I’ve had a couple of requests to post about shooting interiors, so here goes. On travel assignments it is often necessary to shoot interiors – whether it’s a hotel, restaurant, vineyard or some other interesting or beautiful building. Here are a few tips and tricks I’ve learned along the way for getting good quality shots while not having to carry the kitchen sink.
The first step in making a beautiful interior shot is to make the interior look beautiful. This might sound obvious, but sometimes is not always easy to do. Everything should be neat and tidy, with no clutter or stray items lying around.
For bigger commercial shoots for hotels and resorts, there is usually a stylist to make everything look beautiful, but for editorial assignments I usually have to do it myself.
Hotels are usually the easiest, because they keep everything spotless anyway, but it can take a bit more time in other locations. Don’t be afraid to move furniture, take pictures off the walls, restyle bedspreads and cushions etc.
Finally, always turn all the lights on, even if shooting in broad daylight. Rooms without the lights on somehow look dead and lifeless.
What to shoot
You should plan to get a good mix of wide and detail shots. Always get a wide shot of the room in question, but then look for the interesting close ups too – cushions on the sofa, a glass of wine on the table, a vase of flowers on the sideboard - whatever catches your eye. Aim for simple, graphic compositions.
Complex pictures with lots of details generally don’t suit architecture and interiors – look for clean lines and use negative space, such as blank walls or sky, to your advantage.
How to shoot it - kit
I’m a big fan of Canon’s 24mm TSE tilt/shift lens, and use it all the time when shooting architecture – inside or out. Nikon shooters now have an equivalent too.
A shift lens allows you to move the field of view up and down while keeping the camera perfectly level. This means you can keep verticals looking vertical, even if normally you would need to point the camera up or down to get the whole view in.
Yes, you can correct for converging verticals in Photoshop using the perspective crop tool, but firstly you do lose some quality and secondly it gets very time consuming if you are having to correct a lot of shots at the end of a shoot. I find it much easier to get it right in the camera. For detail shots I often use the Canon 100mm 2.8 Macro. Not that I need the macro capabilities for this type of shot, but that it doesn’t suffer from distortion.
Most zooms, even top quality L-series lenses, have barrel distortion at the wide end and pincushion distortion at the long end. Using prime lenses (such as the 24mm TSE and 100mm Macro) avoids this problem, or at least greatly reduces it. Again, it is possible to correct it later in Photoshop, but there is a cost in terms of time and quality.
Live view, found on most recent DSLRs, is a great help for focusing. Compose your shot on the tripod, then use the zoom feature to manually focus in Live View.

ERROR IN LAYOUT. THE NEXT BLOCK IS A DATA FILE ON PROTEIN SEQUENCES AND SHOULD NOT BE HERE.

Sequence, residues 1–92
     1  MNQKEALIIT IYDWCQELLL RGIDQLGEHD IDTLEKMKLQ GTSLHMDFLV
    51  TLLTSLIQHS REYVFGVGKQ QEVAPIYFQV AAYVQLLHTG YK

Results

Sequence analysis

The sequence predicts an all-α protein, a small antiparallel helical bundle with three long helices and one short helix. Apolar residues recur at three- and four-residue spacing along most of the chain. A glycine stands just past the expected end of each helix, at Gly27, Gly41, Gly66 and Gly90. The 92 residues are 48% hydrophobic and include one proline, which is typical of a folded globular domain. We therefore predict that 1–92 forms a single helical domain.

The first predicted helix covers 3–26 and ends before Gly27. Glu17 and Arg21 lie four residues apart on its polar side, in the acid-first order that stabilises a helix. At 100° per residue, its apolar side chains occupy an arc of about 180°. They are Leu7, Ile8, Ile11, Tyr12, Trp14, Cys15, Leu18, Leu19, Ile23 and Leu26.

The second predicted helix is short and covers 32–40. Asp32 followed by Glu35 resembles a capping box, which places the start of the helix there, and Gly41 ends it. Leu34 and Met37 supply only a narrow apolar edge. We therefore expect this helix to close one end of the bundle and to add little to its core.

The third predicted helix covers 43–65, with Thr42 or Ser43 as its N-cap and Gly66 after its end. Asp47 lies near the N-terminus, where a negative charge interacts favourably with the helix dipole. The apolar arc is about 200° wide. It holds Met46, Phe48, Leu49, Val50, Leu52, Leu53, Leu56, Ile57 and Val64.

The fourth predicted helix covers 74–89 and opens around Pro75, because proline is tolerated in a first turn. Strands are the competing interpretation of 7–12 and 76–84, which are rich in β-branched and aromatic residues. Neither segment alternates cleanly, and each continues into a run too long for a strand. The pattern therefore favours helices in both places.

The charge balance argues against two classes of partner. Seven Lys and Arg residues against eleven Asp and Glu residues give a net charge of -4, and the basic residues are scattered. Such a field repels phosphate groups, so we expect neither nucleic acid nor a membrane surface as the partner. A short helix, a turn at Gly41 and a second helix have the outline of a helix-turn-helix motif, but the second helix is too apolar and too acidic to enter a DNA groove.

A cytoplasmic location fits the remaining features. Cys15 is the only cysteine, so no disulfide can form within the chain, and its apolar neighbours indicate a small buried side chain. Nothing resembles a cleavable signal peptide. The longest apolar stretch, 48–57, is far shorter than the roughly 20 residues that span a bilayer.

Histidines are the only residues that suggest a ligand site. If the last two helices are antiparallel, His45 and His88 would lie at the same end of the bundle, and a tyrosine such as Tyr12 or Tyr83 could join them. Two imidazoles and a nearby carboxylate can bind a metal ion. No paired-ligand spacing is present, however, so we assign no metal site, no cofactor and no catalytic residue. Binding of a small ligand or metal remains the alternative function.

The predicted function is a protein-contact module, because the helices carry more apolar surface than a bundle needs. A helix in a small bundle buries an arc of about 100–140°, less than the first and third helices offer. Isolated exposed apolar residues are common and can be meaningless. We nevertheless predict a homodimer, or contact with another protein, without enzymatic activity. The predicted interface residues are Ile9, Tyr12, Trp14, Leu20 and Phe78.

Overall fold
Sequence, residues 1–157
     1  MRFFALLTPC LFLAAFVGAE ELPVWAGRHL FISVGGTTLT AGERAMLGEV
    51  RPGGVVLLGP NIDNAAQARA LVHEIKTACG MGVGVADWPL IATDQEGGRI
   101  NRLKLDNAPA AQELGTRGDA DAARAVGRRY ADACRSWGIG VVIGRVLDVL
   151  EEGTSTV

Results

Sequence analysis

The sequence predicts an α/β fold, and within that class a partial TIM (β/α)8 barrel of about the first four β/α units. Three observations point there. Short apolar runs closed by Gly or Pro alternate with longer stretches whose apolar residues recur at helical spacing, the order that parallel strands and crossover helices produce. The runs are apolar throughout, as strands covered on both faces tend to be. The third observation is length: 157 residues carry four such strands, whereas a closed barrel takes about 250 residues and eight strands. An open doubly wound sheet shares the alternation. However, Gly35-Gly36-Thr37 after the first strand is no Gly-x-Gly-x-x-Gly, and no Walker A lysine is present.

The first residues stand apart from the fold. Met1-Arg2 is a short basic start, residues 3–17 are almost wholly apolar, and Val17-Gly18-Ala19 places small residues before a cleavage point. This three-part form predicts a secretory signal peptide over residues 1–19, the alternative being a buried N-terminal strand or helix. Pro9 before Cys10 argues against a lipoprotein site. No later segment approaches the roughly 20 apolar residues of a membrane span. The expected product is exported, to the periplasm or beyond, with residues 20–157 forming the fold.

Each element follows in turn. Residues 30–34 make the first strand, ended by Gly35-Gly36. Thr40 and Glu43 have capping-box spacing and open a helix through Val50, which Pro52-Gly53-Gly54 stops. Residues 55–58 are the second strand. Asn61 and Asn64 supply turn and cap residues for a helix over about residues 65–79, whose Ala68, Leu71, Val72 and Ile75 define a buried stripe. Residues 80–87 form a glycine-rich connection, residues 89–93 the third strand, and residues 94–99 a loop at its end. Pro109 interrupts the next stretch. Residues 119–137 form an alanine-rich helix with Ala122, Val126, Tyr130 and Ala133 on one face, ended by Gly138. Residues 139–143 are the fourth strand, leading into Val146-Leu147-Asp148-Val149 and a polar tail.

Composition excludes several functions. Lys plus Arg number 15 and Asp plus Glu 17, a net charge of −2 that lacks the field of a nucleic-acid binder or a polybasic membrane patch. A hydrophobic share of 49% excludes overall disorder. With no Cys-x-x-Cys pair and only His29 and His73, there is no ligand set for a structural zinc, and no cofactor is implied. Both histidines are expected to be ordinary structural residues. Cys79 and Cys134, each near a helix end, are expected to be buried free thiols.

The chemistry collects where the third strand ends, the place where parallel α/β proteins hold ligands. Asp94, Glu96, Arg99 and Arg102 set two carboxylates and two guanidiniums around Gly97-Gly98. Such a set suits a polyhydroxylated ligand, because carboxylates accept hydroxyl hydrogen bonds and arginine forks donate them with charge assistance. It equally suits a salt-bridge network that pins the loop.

That way you do not need to auto-focus and then recompose if your desired point of focus doesn’t fall underneath one of the camera’s AF points. Focusing then recomposing is a pain when working on a tripod.
How to shoot it - lighting
So you’ve made the room look great, chosen your viewpoint, picked a lens and set up your camera on the tripod. Now what?
Getting some nice ‘soft yet directional’ lighting will usually guarantee a good shot. If you’re lucky, the room will have a nice large window with indirect sunlight coming though. If so, this is usually enough.
However, if all you have is strong, direct sunlight coming through, then try hanging a white bedsheet or tablecloth over the window to act as a giant diffuser (don’t forget your gaffer tape!). If you have windows in the shot, don’t worry too much about them blowing out. Get the interior exposure correct and worry about the windows later. In fact, blown out windows can often help give a light, airy feel to interiors which is very appealing.
Often, natural light alone will not be enough and you will need to break out the flash. Either because you are shooting early or late in the day when there is very little daylight coming into the room, or because what light you do have is creating deep shadows that you need to fill.
Small hot shoe flashes are fine for this kind of work, because you are usually trying to complement daylight rather than overpower it, and most interiors are not that big. Mount them on small Manfrotto stands and either trigger them using radio triggers such as Pocket Wizards or with the ETTL or iTTL built-in to modern Canon or Nikon flashes.
I often find that less is more. Start off with a single flash bounced off a wall or ceiling and see what it looks like. The rear LCD is your friend. Than add another light if you think you need to. I rarely find the need to use more than two, and often only use one. Always either bounce the flash or shoot through some sort of diffuser – an umbrella or softbox – as hard light will generally look terrible.
If shooting in the evening, when the majority or even all of the light in the room is artificial, you will need to gel your flash to match the colour temperature of the lighting in the room. Usually this will be tungsten, but more modern buildings are often using low-energy or halogen lights, which seem to vary in colour temperature a great deal. So take a range of CTO and green gels with you. Mixed colour temperatures is something that is almost impossible to correct later in Photoshop, so be sure to get this right at the time.
Finally, shooting tethered to a laptop can be a great help. Both Lightroom and Aperture can be used to show a full screen preview of your image a few seconds after you shoot it. When trying to fine-tune lighting and compositions, it can be a great help rather than squinting at the small screen on the back of the camera.